The West

$1.2m to catch racing cheats

WA racing officials have stockpiled swabs from "hundreds" of horses and greyhounds as part of beefed-up integrity measures to hunt cheats out of the industry.

As revealed in _The West Australian _in March, Racing and Wagering WA will from tomorrow implement a range of integrity measures as part of a $400,000 spending increase in the area to $1.2 million for the 2014-15 season.

Stocked swab samples have allowed stewards to build genetic profiles within some of WA's biggest racing stables.

RWWA general manager of integrity Denis Borovica warned he would have no hesitation in using the samples retrospectively if improved detection methods found past wrongdoing.

Samples from big-race winners, particularly, were stored for many years.

"We've been storing samples for a number of years, in the hundreds," Mr Borovica said.

"It gives us a bit of a snapshot in particular stables if levels have suddenly moved in any particular direction. If tomorrow someone said, 'There's this new drug no one has ever heard of and here's the test', we'll go back and check on all those samples.

"The rules provide that it (any past wrongdoing) is treated as if it was yesterday."

Mr Borovica said cheats would not prosper in WA racing, confirming the new spending would almost double to 90 per cent the number of harness-racing winners swabbed next season and included the hiring of a veterinarian to make surprise inspections at stables and kennels.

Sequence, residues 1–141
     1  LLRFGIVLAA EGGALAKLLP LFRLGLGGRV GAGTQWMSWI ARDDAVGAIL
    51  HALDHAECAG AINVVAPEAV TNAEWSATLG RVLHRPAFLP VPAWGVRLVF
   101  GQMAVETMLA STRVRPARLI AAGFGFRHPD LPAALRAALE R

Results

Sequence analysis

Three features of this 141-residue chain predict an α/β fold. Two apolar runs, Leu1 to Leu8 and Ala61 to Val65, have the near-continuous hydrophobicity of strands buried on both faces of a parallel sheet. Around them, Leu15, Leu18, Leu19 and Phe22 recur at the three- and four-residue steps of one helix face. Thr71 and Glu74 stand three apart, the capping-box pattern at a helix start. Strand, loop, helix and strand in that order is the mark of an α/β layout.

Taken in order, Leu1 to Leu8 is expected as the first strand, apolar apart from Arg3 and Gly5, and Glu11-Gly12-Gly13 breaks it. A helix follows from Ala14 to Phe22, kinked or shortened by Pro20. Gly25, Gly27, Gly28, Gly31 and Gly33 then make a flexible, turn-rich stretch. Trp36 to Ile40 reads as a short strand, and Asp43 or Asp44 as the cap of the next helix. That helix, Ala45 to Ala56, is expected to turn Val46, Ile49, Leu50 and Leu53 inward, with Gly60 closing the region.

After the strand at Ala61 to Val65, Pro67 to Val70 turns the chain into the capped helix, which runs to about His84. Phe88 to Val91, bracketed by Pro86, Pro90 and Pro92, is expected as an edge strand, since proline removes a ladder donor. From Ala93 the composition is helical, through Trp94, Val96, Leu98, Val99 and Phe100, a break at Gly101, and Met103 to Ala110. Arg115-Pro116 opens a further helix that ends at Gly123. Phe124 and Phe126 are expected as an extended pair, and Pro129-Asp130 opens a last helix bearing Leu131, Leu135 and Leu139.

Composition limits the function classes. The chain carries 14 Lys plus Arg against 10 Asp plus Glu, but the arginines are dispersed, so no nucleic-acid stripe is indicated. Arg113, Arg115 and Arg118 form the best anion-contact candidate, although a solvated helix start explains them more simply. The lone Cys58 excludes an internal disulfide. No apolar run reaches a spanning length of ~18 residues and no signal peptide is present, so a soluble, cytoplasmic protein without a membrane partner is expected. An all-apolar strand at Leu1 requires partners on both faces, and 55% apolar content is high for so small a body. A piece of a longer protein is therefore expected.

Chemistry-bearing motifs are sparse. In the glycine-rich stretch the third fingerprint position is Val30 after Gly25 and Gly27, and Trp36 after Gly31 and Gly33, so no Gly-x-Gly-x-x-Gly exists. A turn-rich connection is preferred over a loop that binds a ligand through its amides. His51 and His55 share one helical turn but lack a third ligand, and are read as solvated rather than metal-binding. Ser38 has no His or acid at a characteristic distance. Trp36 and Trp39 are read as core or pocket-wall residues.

He revealed stewards had just completed a month-long covert operation to test for the use of cobalt chloride, a performance-enhancing additive that surfaced in the industry on the east coat this year. There were claims it could turn a pacer into a "low-flying jet", but the substance is yet to be proved as a definitive aid in racing and at its most concentrated level is believed to be a threat to the welfare of racing animals.

Mr Borovica said WA stewards and veterinarians were part of an established network of interstate colleagues, allowing them to keep abreast of trends and emerging threats to the industry. He said the State's industry's integrity was as strong as any in Australia.

"We spend a lot of time and effort making sure that cheats don't prosper," he said.

"There is no place for them in racing and I'm very strong in that respect. Racing doesn't keep a secret very well either, everyone hears the buzz so we've got a good handle on what's out there.

"The integrity of racing and the confidence of the punter that it is a level playing field are paramount. As stewards, we will stop at nothing to maintain this confidence and will use every resource at our disposal to do so."

'The rules provide that it (any past wrongdoing) is treated as if it was yesterday.'" RWWA general manager of integrity *Denis Borovica *

The West Australian

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